I Wanna Be A DJ, How Do I Get Started? Part 2
Do you remember the first time you heard a DJ mix? Can you recall that perfect blend of two songs that stayed right on beat, transitioned beautifully, and kept the energy going? When was the first time you saw a DJ mix live or in person? For some of you these occurrences were witnessed all in the same moment. For others they may have happened at different times at different places. Either way, it probably inspired you to become or want to become a DJ. So you bought some music, DJ equipment, and you practiced day and night to perfection until BOOM! You are a DJ. You even have a DJ name, too. DJ SOMETHING COOL. Now it’s time to make a mix, record it, upload it, take pictures, promote yourself, get gigs, rock the house, drink champagne, do a remix, go on tour and get paid, right? Maybe so or not so much. Before you jump on your own G6, let’s make sure you know exactly what you want to accomplish as a DJ. There are many types of DJs but for the purpose of this blog let’s assume that you want to play at music events or play gigs as a resident DJ in nightclubs or even perform as a DJ for a music act or group. This may not apply as much to Mobile/Wedding DJs as much, but some elements can certainly apply to promoting your mobile DJ service. In any case, I discussed the basics in Part 1 , now let’s talk about getting some gigs.
READY, SET, MIXTAPE!
Everyone likes music. How awesome is it to have all of your favorites mixed seamlessly together on a CD or on your iPod? It’s great even if it’s only for your own personal listening pleasure. The mix or mixtape is essential to produce if you are starting out as a DJ and you want to get booked. It’s your business card and it’s the first step in defining your identity as a DJ. How do you make a mixtape? Let’s start with the music.
Music Selection – Choose music that defines you. Whatever style of music you choose to play your mix should be an accurate representation of what and how you are able to perform in a live environment. Once you’ve decided on which tracks to mix you will want to put each track in a logical progression together with clean transitions and a good flow. This is called Programming your mix. This also defines you and is a skill that is developed to perfection through years of practice and a lot of patience. If you want to play in a more mainstream or high-energy nightclub environment it helps to include familiar tunes in your mix. This lets club owners and managers know that you can cover the bases when it comes the popular stuff. Some of you don’t subscribe to this mentality, I know and I absolutely respect that, but the more versatile you can be in your skills and music selection can make for a very lucrative DJ career. I’m just saying.
Technical Ability – You’ve got skills. Show them. It could be in a long “mash-up” mix or it could be your quick, accurate transitions. You might stay in each record for 20 seconds on 4 turntables as you crab scratch a capellas, whatever. Do it on your mixtape. Just be sure not to let it get out of hand or distract from the music, especially vocals. And above all else, BE ACCURATE! Don’t try anything outside of your abilities. It’s okay to make mistakes, really it is, but if you’re handing out your mixtape to perspective employers you’ll want it to be perfect. It’s like submitting a resumé with spelling errors. Not cool.
Wrap It Up – Okay, you’re putting together a killer mixtape and you’re almost done. How long should it be? 60 minutes? 90 minutes? 2 hours? Well, it’s really up to you. My advice is this: 60 minutes. It’s enough time for you to show your programming and technical ability without losing the attention of your audience. I try and put 12-20 tracks on a mixtape depending on the style I’m playing but it never exceeds 60 minutes. It is also easier to upload on sites like Soundcloud if your mix is not too lengthy. Again, it is up to you for sure. This is just my recommendation.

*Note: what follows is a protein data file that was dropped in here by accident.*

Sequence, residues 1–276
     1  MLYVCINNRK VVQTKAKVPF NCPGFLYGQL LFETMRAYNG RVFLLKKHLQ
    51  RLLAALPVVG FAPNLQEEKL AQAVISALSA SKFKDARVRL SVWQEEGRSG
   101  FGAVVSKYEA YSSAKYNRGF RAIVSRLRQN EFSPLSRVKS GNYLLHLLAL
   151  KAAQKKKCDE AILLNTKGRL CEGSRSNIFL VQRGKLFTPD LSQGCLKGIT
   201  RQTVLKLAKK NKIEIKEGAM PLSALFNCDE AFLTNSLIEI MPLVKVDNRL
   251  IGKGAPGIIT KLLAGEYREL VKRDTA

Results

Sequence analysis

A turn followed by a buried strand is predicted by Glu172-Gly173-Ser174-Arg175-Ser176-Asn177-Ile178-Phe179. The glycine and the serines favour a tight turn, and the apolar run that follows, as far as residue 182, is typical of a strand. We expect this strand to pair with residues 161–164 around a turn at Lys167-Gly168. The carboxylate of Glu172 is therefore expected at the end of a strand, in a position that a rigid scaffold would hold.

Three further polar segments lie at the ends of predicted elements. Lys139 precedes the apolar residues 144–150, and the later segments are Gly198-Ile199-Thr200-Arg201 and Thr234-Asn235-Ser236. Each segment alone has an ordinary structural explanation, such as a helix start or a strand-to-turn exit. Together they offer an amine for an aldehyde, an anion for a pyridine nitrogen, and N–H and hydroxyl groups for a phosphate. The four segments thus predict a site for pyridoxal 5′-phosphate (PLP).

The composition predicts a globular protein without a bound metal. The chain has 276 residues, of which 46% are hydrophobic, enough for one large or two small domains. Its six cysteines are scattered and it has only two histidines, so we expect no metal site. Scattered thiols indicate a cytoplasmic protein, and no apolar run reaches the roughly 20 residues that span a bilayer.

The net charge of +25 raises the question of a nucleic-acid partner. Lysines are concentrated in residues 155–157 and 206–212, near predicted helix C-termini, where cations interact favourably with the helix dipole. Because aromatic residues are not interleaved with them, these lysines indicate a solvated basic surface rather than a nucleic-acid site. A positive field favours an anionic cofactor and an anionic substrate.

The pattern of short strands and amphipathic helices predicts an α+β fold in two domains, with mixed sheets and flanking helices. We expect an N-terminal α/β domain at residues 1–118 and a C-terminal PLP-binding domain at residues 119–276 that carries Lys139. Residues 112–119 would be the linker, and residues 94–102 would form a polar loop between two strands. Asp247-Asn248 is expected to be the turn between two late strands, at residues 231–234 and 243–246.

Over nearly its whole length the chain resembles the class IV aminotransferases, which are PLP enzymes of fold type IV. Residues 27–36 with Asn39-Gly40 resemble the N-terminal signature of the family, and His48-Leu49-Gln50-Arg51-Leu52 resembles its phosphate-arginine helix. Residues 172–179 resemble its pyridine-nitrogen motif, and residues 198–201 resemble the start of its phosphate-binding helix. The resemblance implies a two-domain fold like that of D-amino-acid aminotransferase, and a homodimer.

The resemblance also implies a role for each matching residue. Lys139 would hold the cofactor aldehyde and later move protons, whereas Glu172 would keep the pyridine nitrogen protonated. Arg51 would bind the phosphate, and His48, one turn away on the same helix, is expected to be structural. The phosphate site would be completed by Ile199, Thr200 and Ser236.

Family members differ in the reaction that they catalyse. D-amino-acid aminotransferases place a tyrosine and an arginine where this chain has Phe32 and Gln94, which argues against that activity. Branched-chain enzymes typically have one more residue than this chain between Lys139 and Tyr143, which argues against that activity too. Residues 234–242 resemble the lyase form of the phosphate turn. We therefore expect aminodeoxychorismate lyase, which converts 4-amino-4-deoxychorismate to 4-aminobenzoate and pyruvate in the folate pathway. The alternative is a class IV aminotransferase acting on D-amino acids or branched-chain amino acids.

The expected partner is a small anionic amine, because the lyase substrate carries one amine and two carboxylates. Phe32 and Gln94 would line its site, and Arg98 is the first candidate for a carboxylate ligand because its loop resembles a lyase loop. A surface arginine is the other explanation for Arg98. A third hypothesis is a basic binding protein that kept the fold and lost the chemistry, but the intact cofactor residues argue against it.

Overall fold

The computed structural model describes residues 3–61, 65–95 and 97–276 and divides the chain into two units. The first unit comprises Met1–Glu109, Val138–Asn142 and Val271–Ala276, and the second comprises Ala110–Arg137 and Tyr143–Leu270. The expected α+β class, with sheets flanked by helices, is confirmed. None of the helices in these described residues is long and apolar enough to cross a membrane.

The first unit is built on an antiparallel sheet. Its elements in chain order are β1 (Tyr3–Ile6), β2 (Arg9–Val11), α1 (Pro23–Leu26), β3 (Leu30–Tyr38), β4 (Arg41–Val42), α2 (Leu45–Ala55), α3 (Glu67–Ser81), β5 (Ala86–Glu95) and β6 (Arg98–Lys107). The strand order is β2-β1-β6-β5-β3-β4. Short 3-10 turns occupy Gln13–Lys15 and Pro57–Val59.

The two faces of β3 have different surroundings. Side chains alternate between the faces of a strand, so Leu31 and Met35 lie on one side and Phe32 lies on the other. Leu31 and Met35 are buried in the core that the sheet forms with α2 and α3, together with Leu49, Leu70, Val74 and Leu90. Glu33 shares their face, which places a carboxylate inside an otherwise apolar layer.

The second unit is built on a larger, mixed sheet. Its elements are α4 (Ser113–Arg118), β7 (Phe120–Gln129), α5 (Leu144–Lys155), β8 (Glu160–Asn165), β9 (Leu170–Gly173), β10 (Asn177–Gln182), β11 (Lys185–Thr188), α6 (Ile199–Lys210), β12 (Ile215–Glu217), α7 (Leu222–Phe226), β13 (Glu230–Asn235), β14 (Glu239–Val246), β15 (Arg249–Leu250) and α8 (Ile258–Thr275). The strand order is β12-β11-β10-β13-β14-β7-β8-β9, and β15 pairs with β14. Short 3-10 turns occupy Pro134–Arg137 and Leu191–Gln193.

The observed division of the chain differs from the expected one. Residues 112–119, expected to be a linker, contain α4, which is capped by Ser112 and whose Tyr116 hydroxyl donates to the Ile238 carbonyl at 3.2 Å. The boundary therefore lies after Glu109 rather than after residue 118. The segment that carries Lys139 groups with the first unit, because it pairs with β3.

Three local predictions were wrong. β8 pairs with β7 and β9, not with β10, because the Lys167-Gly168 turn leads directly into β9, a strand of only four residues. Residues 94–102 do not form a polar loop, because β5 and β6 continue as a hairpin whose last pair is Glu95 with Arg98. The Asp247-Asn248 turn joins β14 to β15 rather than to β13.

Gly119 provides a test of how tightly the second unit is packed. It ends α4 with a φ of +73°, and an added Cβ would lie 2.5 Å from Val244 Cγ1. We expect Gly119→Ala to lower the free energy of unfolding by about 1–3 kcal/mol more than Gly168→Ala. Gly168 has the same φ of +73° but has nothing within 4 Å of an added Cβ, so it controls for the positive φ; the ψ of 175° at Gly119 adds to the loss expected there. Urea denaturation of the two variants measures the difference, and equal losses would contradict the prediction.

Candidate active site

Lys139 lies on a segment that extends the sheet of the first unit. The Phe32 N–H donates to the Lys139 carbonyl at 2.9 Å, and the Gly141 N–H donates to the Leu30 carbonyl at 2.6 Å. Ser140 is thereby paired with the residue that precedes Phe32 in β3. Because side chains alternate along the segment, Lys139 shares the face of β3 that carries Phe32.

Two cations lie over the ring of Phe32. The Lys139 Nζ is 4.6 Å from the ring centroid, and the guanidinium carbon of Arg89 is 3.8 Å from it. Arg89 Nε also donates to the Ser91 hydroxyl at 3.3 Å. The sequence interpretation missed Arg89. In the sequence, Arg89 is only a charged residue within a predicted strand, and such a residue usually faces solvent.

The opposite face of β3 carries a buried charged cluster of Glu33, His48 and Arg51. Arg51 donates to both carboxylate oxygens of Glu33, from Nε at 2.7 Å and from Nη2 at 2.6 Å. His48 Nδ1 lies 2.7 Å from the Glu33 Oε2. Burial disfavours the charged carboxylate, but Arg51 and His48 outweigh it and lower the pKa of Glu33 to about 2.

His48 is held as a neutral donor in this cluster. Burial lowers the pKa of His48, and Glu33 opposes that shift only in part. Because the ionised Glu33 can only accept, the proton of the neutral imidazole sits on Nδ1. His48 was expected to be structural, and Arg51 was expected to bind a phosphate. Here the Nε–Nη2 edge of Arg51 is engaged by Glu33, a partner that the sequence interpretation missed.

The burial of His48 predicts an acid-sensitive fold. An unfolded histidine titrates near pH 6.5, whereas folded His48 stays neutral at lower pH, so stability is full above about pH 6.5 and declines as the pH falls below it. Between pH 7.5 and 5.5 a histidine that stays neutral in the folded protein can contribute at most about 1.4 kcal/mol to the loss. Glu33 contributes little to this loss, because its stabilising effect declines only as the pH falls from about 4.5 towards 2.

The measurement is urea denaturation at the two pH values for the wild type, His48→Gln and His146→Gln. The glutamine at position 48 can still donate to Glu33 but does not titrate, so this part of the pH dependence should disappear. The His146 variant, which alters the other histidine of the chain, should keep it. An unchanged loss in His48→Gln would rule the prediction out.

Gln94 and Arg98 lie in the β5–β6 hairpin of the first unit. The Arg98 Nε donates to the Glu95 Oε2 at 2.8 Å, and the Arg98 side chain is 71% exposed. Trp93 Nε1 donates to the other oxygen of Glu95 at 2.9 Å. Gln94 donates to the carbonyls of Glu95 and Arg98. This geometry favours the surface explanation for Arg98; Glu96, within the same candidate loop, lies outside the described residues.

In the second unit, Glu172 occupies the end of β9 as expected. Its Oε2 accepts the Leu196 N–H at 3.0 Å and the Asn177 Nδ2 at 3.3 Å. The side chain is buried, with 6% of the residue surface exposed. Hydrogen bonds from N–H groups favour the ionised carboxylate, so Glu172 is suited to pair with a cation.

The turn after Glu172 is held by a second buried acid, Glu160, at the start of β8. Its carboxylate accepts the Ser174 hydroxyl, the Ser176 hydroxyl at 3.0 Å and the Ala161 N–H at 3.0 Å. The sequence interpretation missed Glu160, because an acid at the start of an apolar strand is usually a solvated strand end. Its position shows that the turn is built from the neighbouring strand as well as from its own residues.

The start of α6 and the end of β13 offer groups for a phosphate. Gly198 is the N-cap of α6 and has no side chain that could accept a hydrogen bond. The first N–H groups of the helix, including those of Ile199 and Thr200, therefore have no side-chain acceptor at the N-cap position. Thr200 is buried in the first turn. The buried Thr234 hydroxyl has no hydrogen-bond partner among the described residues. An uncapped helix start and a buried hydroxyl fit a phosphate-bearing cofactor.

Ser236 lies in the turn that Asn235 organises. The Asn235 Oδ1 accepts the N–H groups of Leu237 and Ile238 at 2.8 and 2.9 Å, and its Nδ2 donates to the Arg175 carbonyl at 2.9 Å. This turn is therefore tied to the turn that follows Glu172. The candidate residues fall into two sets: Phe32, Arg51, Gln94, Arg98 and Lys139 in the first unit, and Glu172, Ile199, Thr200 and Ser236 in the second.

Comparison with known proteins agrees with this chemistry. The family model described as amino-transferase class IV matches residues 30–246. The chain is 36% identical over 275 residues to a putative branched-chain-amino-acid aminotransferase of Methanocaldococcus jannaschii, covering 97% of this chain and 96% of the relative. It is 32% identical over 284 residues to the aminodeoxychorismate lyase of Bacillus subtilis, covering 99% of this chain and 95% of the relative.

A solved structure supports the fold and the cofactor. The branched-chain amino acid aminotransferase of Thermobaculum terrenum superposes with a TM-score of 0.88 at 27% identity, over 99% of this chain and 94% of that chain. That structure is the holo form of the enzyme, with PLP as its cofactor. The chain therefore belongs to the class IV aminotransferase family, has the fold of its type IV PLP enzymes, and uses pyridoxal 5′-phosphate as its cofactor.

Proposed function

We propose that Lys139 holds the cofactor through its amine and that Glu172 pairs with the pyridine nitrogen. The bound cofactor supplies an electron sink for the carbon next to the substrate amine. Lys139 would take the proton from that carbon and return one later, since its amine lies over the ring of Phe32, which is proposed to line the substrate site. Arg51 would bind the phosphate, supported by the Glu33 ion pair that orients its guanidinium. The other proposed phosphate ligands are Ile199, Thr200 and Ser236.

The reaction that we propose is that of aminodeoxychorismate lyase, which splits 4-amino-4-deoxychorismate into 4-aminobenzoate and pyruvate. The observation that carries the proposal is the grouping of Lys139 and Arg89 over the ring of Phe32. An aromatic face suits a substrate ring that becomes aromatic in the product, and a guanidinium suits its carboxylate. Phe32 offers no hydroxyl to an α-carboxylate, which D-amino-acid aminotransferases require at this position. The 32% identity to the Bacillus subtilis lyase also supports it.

So you’ve uploaded your mix, gave it a sweet title next to your DJ name. Be sure to record a hard copy of your mix on to a CD or even a flash drive so that you can hand them out to promoters, club managers, and even other DJs so that you can get in their ear and get some feedback on your mix, programming and technique. When you’re comfortable with the process you can put out a mixtape every month or so, or for as many different styles that you mix. Just remember, you don’t want people to get crispy and burnt on your mixtapes, but you definitely want to stay fresh and current and put out a good product.
PROMOTIONS AND MARKETING
There are many ways to network and promote yourself as a DJ these days versus 10 or even 5 years ago. The old school mentality of going out to clubs and events to meet promoters and other DJs and handing out your demo or mixtape definitely still applies and is very effective, but you can do even more through online social networking than ever before. It’s less costly and you will reach a greater audience. Establish your online presence through your Facebook and Twitter pages. Create your DJ page and include a good bio, a clear description of your music style, pictures and graphics that can be used for promotional flyers, and especially links to your mixes. Uploading your mixes on sites like Soundcloud allows you to reach out and be accessible to your perspective audience and fan base. Be sure to put all of this information on your business cards and your demo discs so that you can easily be reached when the time comes for you to interview for a gig. The interview most likely will consist of just meeting with the promoter, manager, or resident DJ. If you both can agree on your fee arrangement and you are available on the perspective date, you probably just scored a gig or a time slot. Sometimes the interview consists of opening for the resident or headliner DJ, and you might get a nominal amount of compensation if any, or even a bar tab. Either way, TAKE IT. This is your shot and you’re about to rock the house. Now let’s get to the gig!